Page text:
Of course, all people are biased, even researchers. But we need to be aware of our own biases, and know ourselves well enough to know if we can be swayed. If you’re presented with really good points that go against your strong opinions, can you think seriously about those ideas? Science is the search for the truth, not the search for what we want the truth to be.

#3: All studies are not created equal.

It’s easy to think that taking a consensus of available research means that if we get 10 negatives and 40 positives, the most likely answer to the question at hand is positive. But it’s not quite so simple. To accurately come to any kind of useful consensus, the design of the research has to be evaluated based on its strengths and weaknesses.

This means looking at a bunch of factors from how well the subjects in the study actually represent the population the researchers were trying to learn about to how the researchers went about measuring whatever it was they were measuring. Sometimes you’ll see studies with very small sample sizes, say 10 or so people, or case studies about just one or two people. These are interesting, but they can’t really be used to draw any conclusions. In other words, when it comes to the consensus, they’re not going to get any weight.

Or let’s say researchers did a study on whether or not something’s an effective treatment for depression, but they made up their own short questionnaire to measure depression and everyone else agrees it’s actually a pretty shitty measure of depression. This is a quality issue that takes away from the study’s reliability, and therefore the weight that study’s results are going to get.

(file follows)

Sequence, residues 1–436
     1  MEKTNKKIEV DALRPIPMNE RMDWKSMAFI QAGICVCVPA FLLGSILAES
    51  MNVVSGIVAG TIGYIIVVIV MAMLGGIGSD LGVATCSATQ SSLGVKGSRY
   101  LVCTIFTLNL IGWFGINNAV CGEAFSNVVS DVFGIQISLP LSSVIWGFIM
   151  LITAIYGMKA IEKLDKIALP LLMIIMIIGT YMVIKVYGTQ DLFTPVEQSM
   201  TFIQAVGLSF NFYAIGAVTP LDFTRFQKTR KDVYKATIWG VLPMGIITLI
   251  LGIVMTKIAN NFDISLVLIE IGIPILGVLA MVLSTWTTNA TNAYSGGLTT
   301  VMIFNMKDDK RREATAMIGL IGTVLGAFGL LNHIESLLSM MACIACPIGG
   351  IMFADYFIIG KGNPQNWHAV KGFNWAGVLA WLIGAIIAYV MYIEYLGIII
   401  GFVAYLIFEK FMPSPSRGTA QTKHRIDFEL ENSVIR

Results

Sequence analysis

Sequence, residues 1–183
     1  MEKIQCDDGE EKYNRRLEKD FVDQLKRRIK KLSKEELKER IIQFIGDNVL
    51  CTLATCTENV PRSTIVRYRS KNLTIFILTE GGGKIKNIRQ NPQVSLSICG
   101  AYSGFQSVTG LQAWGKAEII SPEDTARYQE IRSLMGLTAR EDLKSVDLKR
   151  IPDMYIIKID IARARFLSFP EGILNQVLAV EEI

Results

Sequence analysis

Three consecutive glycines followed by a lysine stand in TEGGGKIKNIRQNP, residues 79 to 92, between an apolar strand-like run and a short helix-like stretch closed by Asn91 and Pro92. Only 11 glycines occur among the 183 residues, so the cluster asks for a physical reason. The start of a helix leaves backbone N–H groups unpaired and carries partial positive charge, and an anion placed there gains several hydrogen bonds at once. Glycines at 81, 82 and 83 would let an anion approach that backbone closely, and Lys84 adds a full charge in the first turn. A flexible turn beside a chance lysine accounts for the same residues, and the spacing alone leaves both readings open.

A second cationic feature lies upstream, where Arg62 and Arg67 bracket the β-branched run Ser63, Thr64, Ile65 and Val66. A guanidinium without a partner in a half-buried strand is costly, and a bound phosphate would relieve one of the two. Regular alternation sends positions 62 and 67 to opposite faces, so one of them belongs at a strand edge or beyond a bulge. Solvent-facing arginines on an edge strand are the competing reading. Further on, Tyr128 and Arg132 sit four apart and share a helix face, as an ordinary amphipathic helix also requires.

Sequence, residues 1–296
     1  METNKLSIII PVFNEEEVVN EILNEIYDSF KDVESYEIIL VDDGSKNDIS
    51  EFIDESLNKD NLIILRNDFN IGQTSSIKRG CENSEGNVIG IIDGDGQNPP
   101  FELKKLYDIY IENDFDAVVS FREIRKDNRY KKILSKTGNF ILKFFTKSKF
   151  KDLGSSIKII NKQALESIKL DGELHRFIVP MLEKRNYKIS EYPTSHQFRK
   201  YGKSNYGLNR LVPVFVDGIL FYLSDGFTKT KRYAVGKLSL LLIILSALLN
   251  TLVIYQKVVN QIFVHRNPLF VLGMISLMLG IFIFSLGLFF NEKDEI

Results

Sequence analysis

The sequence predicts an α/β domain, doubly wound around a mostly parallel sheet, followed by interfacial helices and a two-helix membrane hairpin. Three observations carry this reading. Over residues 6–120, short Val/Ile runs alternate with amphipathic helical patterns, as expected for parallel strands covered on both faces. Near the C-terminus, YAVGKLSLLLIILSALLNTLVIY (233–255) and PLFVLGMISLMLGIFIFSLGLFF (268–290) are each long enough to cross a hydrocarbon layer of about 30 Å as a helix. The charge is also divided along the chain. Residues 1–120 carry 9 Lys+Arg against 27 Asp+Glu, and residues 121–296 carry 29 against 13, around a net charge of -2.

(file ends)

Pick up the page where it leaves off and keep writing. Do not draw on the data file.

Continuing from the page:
Don’t get me wrong. It’s not necessarily a bad thing that more people are getting interested in research. But I can’t help but think that not everyone using research for their arguments is all that concerned about the great and unending search for knowledge that research is all about. Plenty of others have just been exposed to a lot of not-so-scientific science journalism that declares that the latest study proves this idea or smashes that idea to bits. And of course those are great headlines, but they’re terrible science.

If there’s one thing that’s crucial to research, it’s nuance. The uncomfortable uncertainty that leaves us open to learning more and to contradicting our own ideas when we need to. Understanding this can lead to a more realistic understanding of how research works and what it can actually do for us, like helping us develop informed opinions about the complex world around us. But automatically winning arguments? That’s not on the list. Because it turns out that dropping links to unread articles about unevaluated studies isn’t the sick burn we’ve somehow been led to believe.